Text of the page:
Housing affordability fell slightly during the spring

Housing affordability fell slightly during the spring
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Buying a house was more expensive during the spring, with rising prices offsetting drops in mortgage rates.

Housing affordability dropped slightly, to 59.4 percent for new and existing homes sold during the April-June quarter for families earning the U.S. median income of $68,000, according to the National Association of Home Builders (NAHB)/Wells Fargo Housing Opportunity Index released on Thursday.

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That was a drop from 60.3 percent of purchased homes that were affordable to median-income earners during the first three months of the year.

"The job market continues to gain steam, and this is boosting housing demand," said Robert Dietz, NAHB chief economist.

"Meanwhile, growing incomes and attractive mortgage rates are helping to keep housing affordable by partially offsetting ongoing home price appreciation," Dietz said.

Home prices will likely continue to rise while there is a shortage of homes for sale. 

The national median home price rose to $256,000 in the second quarter from $245,000 in the January-March period.

During that time, average mortgage rates fell one-quarter of a point in the spring to 4.08 percent from 4.33 percent in the first quarter.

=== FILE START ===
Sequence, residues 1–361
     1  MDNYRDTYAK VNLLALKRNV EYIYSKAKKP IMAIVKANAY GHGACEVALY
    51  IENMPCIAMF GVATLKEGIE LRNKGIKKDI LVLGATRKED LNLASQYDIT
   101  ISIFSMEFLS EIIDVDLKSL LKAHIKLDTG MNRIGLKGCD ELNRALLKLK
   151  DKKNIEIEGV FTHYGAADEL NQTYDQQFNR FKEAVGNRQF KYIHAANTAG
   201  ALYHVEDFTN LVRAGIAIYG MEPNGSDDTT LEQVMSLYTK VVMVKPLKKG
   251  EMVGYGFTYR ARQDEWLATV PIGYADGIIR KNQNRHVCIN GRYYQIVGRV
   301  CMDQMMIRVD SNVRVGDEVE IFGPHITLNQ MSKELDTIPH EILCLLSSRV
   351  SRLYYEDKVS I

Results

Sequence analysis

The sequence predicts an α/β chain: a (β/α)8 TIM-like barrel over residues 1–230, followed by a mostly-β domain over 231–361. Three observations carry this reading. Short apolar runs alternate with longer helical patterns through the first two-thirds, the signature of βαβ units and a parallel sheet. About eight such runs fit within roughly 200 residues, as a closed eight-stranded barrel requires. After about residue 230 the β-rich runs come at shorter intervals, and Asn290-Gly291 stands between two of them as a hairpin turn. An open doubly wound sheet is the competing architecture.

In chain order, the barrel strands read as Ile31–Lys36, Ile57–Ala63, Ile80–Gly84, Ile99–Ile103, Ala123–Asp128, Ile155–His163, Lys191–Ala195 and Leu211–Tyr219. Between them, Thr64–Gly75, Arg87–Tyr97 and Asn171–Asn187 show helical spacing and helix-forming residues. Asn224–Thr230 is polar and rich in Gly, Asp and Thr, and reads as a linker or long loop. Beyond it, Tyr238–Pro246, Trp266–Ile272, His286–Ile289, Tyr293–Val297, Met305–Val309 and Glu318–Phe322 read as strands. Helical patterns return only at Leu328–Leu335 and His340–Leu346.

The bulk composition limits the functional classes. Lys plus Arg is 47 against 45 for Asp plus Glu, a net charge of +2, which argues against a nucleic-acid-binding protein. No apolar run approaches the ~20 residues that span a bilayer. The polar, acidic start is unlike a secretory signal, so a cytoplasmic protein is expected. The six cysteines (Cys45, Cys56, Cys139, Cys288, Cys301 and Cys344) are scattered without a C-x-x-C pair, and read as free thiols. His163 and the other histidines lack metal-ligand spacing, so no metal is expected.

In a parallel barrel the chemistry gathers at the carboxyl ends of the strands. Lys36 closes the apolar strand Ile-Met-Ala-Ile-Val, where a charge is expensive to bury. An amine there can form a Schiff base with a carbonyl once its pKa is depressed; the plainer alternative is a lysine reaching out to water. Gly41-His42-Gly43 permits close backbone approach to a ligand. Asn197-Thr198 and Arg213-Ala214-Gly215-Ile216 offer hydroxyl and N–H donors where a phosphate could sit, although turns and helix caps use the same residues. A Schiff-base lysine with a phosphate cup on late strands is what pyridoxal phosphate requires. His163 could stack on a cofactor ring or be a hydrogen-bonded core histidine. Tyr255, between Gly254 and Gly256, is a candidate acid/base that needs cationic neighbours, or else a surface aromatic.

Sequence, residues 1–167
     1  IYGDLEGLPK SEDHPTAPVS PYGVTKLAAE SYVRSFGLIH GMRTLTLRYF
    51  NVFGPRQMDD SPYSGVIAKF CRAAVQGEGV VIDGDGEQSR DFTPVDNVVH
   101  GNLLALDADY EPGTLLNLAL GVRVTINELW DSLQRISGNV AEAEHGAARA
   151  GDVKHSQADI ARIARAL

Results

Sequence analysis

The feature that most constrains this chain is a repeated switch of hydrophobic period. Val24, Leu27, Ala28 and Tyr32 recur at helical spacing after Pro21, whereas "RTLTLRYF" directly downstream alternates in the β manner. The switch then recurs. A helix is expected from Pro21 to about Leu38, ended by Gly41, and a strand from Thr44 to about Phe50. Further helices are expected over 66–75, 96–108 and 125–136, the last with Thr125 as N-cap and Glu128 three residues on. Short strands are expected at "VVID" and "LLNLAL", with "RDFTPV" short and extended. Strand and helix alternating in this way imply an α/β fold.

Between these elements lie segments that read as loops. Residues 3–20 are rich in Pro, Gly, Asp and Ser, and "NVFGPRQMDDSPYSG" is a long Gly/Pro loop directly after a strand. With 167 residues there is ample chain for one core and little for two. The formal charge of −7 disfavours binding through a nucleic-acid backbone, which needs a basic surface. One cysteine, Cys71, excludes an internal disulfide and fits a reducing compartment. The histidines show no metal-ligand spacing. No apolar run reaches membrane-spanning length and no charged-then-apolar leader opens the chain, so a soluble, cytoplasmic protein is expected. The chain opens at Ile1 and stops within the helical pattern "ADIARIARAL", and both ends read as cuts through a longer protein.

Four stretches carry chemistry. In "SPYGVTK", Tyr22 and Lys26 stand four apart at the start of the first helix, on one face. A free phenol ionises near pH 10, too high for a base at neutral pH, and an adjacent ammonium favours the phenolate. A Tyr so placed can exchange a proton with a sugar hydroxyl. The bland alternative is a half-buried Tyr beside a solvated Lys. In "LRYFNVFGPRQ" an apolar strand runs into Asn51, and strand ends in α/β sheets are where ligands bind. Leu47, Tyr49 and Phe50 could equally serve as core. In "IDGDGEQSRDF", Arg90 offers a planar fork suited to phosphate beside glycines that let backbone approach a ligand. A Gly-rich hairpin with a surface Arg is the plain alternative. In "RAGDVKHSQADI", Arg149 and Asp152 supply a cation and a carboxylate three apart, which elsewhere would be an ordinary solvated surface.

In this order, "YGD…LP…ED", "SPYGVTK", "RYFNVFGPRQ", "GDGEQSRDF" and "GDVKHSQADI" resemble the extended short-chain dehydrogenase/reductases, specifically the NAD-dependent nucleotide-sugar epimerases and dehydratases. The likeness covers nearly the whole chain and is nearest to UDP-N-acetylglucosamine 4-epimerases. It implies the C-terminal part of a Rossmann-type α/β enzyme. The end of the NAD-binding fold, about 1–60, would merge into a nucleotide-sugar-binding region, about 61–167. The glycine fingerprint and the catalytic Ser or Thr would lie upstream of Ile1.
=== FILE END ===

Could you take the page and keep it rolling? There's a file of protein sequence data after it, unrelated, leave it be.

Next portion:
"While builder confidence remains solid and sales and starts are running at a healthy clip above last year's levels, housing continues to confront persistent headwinds," said NAHB Chairman Granger MacDonald, a home builder and developer from Kerrville, Texas.

"Rising material prices, particularly lumber, along with chronic shortages of buildable lots and skilled labor are putting upward pressure on home prices and impeding a more robust housing recovery,” MacDonald said.

For the third consecutive quarter, Youngstown-Warren-Boardman, Ohio-Pa., was the nation's most affordable major housing market where 93.3 percent of all homes sold in the second quarter were affordable to families earning the area's median income of $54,600.

Meanwhile, Kokomo, Ind., was rated the nation's most affordable smaller market for the second straight quarter, with 96.9 percent of homes sold affordable to families earning $62,500.

Rounding out the top five affordable major housing markets were Syracuse, N.Y.; Dayton, Ohio; Buffalo-Cheektowaga-Niagara Falls, N.Y.; and Scranton-Wilkes Barre-Hazleton, Pa.

Smaller markets joining Kokomo at the top of the list included Davenport-Moline-Rock Island, Iowa-Ill.; Glen Falls, N.Y.; Watertown-Fort Drum, N.Y.; and Monroe, Mich.

For the 19th consecutive quarter, San Francisco-Redwood City-South San Francisco, Calif., was the nation's least affordable major housing market. Only 7.6 percent of homes sold in the second quarter were affordable to families earning the region's median income of $113,100.

Other major metros at the bottom of the affordability chart were located in California — Los Angeles-Long Beach-Glendale; Anaheim-Santa Ana-Irvine; San Jose-Sunnyvale-Santa Clara; and Santa Rosa.

All five least-affordable small-housing markets were in California.

At the bottom of the affordability scale was Salinas, where only 12.4 percent of all homes sold were affordable to those making the median income of $63,100.